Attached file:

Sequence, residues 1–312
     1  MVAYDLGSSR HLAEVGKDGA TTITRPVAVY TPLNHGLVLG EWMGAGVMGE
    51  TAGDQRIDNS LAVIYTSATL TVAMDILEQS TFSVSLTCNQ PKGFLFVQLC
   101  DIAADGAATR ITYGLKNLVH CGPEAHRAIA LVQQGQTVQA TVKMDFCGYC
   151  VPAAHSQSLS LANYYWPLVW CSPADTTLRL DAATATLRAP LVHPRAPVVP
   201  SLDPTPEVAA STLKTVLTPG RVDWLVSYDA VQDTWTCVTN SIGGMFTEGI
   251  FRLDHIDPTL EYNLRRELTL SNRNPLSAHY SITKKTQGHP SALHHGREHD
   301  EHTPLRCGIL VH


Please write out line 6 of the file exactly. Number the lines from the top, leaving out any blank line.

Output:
   201  SLDPTPEVAA STLKTVLTPG RVDWLVSYDA VQDTWTCVTN SIGGMFTEGI